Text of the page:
Let’s pause on this peaceful Sunday morning to recognize the young heroes in our midst.

We don’t know their names. Or their ages. Or their places in the social strata by which young adolescents, rightly or wrongly, often come to define themselves.

But we do know this: On Thursday, Buxton police arrested two students for threatening to use weapons to launch an attack on Bonny Eagle Middle School.

We also know how police learned of the danger: Other kids at the school, alarmed after reading the threats on social media and hearing them in conversations, spoke up.

“I think that’s just astounding and amazing and really encouraging,” Mark Barden said in a telephone interview Friday.

Barden is a co-founder and managing director of Sandy Hook Promise, a nonprofit organization that grew out of the mass killing of 20 students, all 6 or 7 years old, along with six adults at the Sandy Hook Elementary school in Newtown, Connecticut, on Dec. 14, 2012.

One of those children, 7-year-old Daniel Barden, was Mark Barden’s son. And if you think time heals all wounds, think again.

“I’m still trying to wrap my head around it,” Barden said more than six years later. “Every minute.”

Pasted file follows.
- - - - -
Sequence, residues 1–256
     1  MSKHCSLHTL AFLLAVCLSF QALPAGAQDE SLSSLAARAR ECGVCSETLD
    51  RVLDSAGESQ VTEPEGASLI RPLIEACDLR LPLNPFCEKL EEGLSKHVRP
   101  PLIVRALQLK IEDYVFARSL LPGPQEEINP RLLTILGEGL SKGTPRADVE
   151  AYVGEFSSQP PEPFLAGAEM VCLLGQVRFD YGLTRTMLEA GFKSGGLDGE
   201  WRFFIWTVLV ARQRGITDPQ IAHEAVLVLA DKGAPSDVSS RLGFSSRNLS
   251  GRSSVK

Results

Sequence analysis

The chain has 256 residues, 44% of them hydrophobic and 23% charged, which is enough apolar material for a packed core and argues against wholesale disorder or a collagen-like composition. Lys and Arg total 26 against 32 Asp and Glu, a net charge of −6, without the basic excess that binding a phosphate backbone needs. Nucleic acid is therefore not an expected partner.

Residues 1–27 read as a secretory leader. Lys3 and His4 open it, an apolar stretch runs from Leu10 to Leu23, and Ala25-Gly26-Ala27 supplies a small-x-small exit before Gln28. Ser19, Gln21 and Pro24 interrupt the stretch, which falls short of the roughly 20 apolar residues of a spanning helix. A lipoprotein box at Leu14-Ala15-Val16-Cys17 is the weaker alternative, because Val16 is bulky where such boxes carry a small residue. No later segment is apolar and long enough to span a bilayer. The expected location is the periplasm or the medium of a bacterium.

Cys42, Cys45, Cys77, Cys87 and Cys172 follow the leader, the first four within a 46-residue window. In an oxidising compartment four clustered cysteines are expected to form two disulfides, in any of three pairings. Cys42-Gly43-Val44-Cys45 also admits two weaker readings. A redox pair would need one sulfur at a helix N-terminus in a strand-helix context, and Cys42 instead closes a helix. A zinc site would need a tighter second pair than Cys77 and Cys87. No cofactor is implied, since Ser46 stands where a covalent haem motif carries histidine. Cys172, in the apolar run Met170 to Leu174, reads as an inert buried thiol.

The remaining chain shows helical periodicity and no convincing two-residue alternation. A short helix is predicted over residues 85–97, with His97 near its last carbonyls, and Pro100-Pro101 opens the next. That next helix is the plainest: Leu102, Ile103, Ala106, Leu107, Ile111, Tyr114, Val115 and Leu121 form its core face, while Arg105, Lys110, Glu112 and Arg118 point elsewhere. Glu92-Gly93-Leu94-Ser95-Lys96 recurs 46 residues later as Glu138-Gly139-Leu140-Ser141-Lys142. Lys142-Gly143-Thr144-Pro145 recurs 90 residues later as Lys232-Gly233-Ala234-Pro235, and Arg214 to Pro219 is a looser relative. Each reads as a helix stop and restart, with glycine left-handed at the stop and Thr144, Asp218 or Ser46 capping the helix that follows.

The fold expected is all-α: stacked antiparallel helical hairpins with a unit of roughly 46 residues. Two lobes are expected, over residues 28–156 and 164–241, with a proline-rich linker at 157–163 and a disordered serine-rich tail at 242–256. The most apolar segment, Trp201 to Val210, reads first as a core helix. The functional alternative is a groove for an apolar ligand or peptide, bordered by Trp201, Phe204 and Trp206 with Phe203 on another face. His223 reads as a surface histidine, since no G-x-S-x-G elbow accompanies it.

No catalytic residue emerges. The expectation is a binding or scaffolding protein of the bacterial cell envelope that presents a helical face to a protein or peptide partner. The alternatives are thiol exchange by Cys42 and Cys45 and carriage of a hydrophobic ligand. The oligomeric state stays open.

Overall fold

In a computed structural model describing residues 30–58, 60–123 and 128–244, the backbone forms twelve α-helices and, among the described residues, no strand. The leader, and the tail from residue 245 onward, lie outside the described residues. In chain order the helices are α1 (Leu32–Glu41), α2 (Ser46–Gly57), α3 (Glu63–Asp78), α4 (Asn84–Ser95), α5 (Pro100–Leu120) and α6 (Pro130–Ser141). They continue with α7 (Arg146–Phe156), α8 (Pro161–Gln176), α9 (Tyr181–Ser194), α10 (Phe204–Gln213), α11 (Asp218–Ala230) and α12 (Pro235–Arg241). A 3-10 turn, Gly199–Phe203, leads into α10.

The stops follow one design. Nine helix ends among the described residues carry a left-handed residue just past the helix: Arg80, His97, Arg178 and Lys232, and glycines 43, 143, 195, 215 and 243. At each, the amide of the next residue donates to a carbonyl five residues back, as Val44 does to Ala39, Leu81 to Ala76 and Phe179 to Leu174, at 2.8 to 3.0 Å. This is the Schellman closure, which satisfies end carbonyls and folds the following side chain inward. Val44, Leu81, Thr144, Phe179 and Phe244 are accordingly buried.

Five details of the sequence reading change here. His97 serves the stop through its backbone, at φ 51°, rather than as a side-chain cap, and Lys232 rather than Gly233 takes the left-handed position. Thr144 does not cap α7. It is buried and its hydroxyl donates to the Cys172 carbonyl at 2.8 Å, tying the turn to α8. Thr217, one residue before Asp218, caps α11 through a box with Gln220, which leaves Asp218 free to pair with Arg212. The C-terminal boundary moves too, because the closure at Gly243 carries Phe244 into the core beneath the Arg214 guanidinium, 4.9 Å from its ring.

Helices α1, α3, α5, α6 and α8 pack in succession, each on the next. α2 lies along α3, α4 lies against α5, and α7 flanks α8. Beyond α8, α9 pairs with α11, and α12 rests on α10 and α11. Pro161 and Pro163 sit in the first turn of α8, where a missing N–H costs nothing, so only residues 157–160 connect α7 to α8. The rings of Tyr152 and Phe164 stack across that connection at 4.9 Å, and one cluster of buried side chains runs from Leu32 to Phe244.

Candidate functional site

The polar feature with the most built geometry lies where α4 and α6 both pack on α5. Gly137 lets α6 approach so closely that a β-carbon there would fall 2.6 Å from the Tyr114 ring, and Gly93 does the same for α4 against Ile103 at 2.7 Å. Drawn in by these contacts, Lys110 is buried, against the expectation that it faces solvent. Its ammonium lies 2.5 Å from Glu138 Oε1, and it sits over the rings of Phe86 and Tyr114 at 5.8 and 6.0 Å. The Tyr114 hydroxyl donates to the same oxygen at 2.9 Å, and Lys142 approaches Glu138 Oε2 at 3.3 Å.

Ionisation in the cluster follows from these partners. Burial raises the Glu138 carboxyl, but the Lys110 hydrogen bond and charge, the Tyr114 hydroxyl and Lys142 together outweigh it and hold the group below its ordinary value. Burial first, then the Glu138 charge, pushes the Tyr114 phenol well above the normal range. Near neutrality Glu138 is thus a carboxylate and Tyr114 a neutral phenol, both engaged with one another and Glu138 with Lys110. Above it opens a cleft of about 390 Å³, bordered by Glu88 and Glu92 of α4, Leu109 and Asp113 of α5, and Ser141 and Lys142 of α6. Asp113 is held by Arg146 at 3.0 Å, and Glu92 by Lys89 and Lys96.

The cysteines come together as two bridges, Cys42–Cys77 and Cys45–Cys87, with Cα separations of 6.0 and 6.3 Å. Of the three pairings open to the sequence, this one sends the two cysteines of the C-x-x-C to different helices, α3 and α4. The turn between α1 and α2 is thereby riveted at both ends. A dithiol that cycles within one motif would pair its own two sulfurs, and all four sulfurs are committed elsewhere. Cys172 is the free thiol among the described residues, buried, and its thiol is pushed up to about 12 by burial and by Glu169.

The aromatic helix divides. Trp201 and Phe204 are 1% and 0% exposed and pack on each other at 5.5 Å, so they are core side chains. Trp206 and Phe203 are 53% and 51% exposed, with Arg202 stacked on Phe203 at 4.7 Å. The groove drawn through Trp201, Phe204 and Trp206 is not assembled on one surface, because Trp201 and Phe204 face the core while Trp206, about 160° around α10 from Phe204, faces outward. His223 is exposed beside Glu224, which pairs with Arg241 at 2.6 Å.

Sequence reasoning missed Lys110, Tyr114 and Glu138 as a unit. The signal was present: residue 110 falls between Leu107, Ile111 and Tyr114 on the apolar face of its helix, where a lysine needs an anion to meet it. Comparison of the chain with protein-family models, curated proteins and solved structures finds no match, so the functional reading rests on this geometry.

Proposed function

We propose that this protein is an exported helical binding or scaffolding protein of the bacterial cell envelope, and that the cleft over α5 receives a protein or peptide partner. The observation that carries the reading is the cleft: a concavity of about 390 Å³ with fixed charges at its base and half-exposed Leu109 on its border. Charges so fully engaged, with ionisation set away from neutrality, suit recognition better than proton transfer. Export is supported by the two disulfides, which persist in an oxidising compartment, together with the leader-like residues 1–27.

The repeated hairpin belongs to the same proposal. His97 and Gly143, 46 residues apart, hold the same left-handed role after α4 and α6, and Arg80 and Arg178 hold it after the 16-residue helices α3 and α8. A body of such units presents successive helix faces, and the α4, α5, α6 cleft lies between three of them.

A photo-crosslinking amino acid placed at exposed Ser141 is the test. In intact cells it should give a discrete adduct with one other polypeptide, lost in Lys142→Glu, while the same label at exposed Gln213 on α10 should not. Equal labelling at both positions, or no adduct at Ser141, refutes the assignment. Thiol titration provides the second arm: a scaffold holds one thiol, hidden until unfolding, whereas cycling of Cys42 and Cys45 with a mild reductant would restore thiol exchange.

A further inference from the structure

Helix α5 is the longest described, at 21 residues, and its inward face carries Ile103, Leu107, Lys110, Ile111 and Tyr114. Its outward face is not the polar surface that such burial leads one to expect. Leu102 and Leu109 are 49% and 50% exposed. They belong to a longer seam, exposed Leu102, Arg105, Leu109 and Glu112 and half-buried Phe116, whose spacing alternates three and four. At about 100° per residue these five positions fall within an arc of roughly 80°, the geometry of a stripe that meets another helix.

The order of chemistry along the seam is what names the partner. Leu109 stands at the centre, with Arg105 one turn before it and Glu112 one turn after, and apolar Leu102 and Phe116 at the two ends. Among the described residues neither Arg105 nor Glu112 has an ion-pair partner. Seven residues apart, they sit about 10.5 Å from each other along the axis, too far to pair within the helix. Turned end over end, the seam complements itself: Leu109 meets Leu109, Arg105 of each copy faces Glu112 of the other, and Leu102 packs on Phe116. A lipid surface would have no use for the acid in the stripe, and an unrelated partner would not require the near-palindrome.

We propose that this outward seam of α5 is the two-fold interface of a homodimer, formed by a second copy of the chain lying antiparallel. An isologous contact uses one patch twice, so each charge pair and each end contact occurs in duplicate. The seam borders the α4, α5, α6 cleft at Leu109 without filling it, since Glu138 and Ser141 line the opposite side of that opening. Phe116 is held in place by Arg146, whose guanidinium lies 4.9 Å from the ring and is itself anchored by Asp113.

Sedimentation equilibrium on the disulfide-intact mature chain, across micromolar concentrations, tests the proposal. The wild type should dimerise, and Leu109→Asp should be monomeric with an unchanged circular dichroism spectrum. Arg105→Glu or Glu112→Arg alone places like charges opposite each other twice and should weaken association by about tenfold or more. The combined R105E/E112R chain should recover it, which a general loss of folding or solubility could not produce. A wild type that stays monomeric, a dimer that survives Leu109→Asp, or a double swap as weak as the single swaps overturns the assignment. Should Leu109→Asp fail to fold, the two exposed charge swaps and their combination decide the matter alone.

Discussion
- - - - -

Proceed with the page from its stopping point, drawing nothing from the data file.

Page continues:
Barden has devoted his life to stopping the carnage all too commonplace in our schools and elsewhere these days. In its mission statement, Sandy Hook Promise pledges “to prevent gun-related deaths due to crime, suicide and accidental discharge so that no other parent experiences the senseless, horrific loss of their child.”

The organization, funded entirely on donations, has to date brought its “Say Something” program to 6 million students and adults nationwide. One of several initiatives ranging from suicide prevention, to mental health, to threat assessment and intervention, “Say Something” offers no-cost training – both in-person and through a self-guided online program – for school systems looking to stop a mass shooting before it starts.

The tools include a new smartphone app through which students and adults can anonymously report a problem to a call center equipped with up-to-date contact information for that school district. It’s already up and running in Boston, Atlanta, Chicago, Houston and “communities in between all over the place,” Barden said.

The state of Pennsylvania made the program mandatory statewide as of Jan. 1. Already, it’s generated 6,200 anonymous reports, including dozens involving threatened suicides and one that led to police recovering a loaded handgun from a child.

When a call comes into the hotline, Barden said, the trained intake worker instantly knows where to turn.

“They know who the principal is, they know who the first responders are,” he said. “So, based on the nature of that tip, they know who to connect to next, what the next step is. Maybe it’s law enforcement, maybe it’s the principal, maybe it’s the guidance counselor at the school.”

“Say Something” has yet to make inroads into Maine. But Barden said Sandy Hook Promise stands ready to work in any way it can with school districts interested in learning more. Start by going to the organization’s website at www.sandyhookpromise.org.